As was said earlier, we haven't even completed the transition from SD to HD yet. I think the current state of 3D foreshadows the uphill climb that 4K has ahead of it. There is a lot of support for it among the groups of people who take the time to join an internet forum dedicated to a satellite TV service or to AV equipment discussions, but you have to keep in mind that we here or the folks at somewhere like AVS are a very very small minority when it comes to the customer base of DirecTV. There aren't a lot of 4K TVs out there, the general public has no idea what it is, plus there's a lack of content even to fill a channel. Plus, bandwidth is an issue not only on the service provider (DirecTV) side, but on the distribution side. There's not an unlimited amount of satellite space for channels to send their signals to cable/satellite companies and moving to 4K would put a strain on that to be sure. I'm sure many content providers are still using older MPEG-2 systems to distribute.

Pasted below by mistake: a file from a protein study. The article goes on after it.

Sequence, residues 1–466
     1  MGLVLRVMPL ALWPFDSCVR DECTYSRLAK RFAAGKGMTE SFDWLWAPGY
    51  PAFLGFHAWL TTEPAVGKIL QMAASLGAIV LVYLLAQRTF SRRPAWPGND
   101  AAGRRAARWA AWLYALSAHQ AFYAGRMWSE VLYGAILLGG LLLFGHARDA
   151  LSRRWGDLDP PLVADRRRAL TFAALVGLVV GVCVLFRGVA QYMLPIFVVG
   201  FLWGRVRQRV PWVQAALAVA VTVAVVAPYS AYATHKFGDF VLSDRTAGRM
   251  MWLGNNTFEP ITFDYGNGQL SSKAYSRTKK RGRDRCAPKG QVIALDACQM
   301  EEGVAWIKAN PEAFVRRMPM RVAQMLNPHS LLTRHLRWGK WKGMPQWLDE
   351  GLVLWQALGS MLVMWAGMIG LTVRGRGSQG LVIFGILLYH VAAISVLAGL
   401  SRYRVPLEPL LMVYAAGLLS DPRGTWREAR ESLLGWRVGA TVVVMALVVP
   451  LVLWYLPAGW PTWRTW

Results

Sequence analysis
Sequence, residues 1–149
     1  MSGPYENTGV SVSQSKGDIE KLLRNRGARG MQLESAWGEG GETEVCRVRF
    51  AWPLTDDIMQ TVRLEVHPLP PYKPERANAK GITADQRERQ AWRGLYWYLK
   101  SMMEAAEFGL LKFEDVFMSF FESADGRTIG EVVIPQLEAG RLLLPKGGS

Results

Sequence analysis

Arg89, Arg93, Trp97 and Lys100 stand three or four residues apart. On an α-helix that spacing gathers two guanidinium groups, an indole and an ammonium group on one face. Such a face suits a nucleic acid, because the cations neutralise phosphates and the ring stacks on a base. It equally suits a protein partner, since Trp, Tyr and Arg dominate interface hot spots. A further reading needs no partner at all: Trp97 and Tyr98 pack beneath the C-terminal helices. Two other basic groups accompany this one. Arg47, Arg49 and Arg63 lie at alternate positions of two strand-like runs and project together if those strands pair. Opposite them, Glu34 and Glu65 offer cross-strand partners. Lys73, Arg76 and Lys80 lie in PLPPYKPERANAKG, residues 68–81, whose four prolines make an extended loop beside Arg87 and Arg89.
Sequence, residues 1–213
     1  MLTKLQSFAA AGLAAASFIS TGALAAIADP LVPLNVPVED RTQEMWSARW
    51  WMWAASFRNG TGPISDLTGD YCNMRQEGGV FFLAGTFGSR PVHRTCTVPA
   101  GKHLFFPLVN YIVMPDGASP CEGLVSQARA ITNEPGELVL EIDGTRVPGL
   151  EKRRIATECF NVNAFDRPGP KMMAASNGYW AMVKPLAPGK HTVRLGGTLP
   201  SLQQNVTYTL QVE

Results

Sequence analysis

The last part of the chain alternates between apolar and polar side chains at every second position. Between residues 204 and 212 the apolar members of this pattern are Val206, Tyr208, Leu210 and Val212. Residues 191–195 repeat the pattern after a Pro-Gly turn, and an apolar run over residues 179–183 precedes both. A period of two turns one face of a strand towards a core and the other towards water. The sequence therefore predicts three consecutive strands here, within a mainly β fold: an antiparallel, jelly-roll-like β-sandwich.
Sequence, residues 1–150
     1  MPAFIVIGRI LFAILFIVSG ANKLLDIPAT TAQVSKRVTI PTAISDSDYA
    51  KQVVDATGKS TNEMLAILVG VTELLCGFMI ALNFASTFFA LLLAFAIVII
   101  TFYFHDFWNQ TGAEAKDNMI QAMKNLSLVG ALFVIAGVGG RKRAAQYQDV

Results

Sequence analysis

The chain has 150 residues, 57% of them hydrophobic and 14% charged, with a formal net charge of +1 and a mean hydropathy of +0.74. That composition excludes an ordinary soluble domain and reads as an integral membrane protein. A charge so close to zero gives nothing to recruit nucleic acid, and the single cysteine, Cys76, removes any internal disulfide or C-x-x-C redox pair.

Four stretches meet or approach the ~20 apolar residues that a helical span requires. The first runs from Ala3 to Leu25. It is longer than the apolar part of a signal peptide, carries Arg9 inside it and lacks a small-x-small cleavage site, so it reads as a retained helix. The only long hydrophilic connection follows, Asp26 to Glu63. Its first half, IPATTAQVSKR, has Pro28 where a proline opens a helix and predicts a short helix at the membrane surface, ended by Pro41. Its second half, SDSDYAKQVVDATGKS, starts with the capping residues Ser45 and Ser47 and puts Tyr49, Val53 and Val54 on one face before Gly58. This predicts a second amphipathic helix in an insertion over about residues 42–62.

I see it, for a good long time, being a niche that is served by a couple of PPV channels and perhaps one or two linear movie or event channels. If you're expecting every day channels like Discovery or USA, or heck even the normal HBO feed to switch to 4K, you may be waiting a while. It wouldn't require new dishes, LNBs, or satellites in space, but it would certainly need new receivers and TVs.
How does that work? I thought bitrate and bandwidth were inextricably tied together.
I think maybe he misspoke. By "bitrate" maybe he meant resolution/picture quality. Bitrate and bandwidth are exactly the same thing.